Days after Sri Lanka's government defeated its long-time foe, the Tamil Tigers, in May, United Nations Secretary-General Ban Ki-moon flew into the country's capital, Colombo, for a 24-hour visit to urge its president to open up its refugee camps to international aid groups. This was another urgent trip by Ban to a war-torn capital, as part of his regular duties as the UN's chief representative, seeking to uphold peace and restore global comity.
But who really knew much about this latest foray into a troubled region by the UN chief? Not many. Ban, who has just marked the half-way point in his five-year term in office, has so far been unable to attract a large worldwide audience for his activities. This is due, in part, to a stylistic reasons, but also to the vagaries of UN diplomacy.
Still in his quiet way, Ban is spending more than a third of his time on the road, and has accomplished much over the past 30 months. In Darfur, he managed to get African Union peacekeepers into Sudan's killing zone in his first year in office through intensive behind-the-scenes diplomacy. Though the political process has since stalled, he has pushed for more peacekeepers and helicopters.
In Kosovo, Ban was able to lower the temperature on the boiling issue of the province's independence. He persuaded the European Union and the United States to allow continued UN oversight in Kosovo while gradually permitting self-governance - all without triggering dangerous confrontations with the two states which oppose its breakaway, Serbia and its close ally, Russia.
In Myanmar, despite bitter resistance from the military regime, Ban pressured the authorities to let in humanitarian aid after Cyclone Nargis devastated the country last year. His public and private entreaties, including dozens of phone calls and meetings, saved perhaps a half-million lives. Today, he continues his call for the release of the democracy leader, Aung San Suu Kyi.
In Haiti, which still suffers from underdevelopment, political turmoil, and the effects of destructive hurricanes, Ban appointed former US President Bill Clinton as his Special Representative to help deal with the country's plight. This followed two visits he made to Haiti over the past 18 months and a donor's conference he sponsored in April that sought to raise $300 million in aid and investment.
More recently, Ban took an active role in the Gaza crisis. He has regularly defended the Palestinians' rights to a state, but he also condemned Hamas's rocket attacks on southern Israel. During the fighting in Gaza, he publicly demanded a halt to the warfare and requested that Israel open Gaza's borders to relief aid. He also visited the UN compound in the center of Gaza to express the UN's grave concern over its bombing.
Ban has taken a leadership position on the problem of global warming. He tackled the issue at the Bali Conference of 2007, made it one of his central concerns at the UN, and will attempt to forge a new agreement among all global states at the UN Conference in Copenhagen in December 2009.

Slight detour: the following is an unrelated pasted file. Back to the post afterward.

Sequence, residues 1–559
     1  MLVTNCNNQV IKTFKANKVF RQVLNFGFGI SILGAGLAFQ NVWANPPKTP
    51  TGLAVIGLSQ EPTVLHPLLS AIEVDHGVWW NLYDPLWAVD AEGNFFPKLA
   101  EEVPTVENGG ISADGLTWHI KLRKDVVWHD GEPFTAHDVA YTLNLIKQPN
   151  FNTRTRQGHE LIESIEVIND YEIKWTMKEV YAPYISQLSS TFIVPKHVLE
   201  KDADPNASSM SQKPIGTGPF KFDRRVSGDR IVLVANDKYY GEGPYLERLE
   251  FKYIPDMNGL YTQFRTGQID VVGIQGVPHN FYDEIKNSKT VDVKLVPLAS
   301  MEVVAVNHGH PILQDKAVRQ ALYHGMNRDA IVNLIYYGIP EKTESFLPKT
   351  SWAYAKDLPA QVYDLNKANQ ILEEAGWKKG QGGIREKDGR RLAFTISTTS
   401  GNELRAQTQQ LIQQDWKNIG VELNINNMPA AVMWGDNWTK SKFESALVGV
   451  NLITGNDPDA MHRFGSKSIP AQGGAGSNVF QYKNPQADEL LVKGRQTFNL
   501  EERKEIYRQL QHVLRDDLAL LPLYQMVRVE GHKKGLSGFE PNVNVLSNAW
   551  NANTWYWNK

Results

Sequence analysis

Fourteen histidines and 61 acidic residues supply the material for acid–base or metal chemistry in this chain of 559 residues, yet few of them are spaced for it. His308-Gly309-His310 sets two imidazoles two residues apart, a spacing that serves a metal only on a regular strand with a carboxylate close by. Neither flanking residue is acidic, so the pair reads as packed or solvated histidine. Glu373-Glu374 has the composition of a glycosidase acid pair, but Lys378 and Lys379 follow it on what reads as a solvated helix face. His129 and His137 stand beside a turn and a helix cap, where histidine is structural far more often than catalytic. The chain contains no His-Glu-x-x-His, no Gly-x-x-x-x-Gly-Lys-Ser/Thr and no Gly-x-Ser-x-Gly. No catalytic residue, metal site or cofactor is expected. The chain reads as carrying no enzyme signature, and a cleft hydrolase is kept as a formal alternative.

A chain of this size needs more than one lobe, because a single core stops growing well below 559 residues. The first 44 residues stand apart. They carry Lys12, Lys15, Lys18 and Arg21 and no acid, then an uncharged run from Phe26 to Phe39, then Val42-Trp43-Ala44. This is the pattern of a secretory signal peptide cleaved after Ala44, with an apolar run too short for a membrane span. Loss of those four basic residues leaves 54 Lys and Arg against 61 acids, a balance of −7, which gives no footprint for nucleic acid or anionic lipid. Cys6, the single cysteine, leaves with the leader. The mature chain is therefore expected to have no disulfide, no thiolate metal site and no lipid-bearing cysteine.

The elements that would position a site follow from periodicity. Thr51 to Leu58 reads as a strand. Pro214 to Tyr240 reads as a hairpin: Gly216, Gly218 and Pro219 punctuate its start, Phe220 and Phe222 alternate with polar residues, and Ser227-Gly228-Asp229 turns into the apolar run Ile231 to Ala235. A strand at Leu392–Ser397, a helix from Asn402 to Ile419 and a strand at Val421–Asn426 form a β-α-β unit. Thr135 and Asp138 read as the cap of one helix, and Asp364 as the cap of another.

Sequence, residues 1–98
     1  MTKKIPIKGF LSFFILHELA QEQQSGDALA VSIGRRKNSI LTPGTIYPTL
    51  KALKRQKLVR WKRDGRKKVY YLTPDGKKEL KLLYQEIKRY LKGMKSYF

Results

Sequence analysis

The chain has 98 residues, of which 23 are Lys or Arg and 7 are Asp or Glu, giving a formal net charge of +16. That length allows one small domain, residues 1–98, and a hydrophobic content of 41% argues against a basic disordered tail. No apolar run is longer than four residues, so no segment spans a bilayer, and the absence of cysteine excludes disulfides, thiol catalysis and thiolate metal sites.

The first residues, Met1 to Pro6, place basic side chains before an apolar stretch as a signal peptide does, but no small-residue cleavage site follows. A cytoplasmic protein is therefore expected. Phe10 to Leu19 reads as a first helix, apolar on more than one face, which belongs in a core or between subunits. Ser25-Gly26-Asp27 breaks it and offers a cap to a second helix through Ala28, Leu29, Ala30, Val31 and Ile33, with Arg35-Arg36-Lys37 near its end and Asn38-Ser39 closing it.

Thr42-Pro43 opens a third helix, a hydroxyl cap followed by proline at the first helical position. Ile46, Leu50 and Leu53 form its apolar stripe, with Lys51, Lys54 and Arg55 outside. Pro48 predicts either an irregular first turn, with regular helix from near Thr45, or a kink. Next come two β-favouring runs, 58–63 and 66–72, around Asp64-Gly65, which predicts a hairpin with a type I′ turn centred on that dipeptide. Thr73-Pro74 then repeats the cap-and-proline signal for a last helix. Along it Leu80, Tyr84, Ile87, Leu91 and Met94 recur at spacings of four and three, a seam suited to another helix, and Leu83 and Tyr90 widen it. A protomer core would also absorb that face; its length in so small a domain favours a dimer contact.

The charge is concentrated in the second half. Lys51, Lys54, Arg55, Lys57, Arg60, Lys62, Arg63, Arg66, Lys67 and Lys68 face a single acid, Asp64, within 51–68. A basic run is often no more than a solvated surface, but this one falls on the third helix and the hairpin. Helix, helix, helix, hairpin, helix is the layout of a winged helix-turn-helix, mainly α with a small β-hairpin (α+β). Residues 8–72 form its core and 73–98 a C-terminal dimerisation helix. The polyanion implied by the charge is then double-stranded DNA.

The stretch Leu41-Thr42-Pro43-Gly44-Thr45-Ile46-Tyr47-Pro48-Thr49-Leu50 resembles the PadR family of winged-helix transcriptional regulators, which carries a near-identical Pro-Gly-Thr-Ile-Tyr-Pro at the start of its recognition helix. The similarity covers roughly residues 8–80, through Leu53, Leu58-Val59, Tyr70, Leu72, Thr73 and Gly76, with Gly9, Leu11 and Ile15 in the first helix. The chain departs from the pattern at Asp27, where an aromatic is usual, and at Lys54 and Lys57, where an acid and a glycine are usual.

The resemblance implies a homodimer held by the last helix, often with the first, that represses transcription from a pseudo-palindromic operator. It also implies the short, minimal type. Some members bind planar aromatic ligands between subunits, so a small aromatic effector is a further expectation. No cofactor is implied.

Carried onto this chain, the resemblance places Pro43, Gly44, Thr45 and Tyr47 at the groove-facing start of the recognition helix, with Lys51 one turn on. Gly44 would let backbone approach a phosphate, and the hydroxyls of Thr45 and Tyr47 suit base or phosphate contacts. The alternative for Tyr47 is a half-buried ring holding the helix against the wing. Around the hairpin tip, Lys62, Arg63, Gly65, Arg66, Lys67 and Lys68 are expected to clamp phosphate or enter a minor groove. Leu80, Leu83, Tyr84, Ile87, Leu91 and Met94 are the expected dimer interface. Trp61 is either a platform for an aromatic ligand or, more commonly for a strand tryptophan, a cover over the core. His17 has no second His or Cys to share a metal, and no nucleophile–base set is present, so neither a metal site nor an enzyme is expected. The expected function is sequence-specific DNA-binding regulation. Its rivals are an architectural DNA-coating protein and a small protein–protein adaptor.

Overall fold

And he has moved forward in the health field. He accelerated efforts to eliminate the world's most dangerous ancient scourge, malaria, by naming a special adviser on the disease, and by forging innovative partnerships within the UN system that have brought together private industry, foundations, and non-governmental organizations. His campaign has already helped to reduce the incidence of malaria.
The problem for Ban is his diffident manner, which stands in stark contrast with that of his predecessor, Kofi Annan, a larger than life secretary-general who dominated the scene through his flair, eloquence, and star power. Ban, by contrast, is neither charismatic nor an inspirational speaker - indeed, his English is not as good as Annan's. In his own way, though, he is an engaging, polite man, hip to contemporary cultural icons, and even given to singing at public occasions with wry lyrics and verses.
Nonetheless Ban is sometimes criticized for not doing more, not listening enough, or deferring too much to the Big Five countries on the Security Council. One of the main complaints is that communicating with him can be difficult. Ban invariably nods his head in polite agreement without giving clear guidance. Others say he has yet to prove he is a good manager and must push harder for internal management reforms at the UN. Ban, in turn, has openly chastised member states for not giving him sufficient resources. But, wherever the truth may lie, few critics take into account that he, like all former UN chief executives, has to deal with the reality that he possesses only moral power, not economic, military, or political power.
Still throughout his tenure, Ban has consistently displayed progressive instincts on issues, despite the fact that his candidacy was originally championed by an authoritarian Chinese government and a right-wing, UN-bashing American envoy to the organization, John Bolton. In the end he should be measured by what he has accomplished rather than by personal foibles or flatness of style.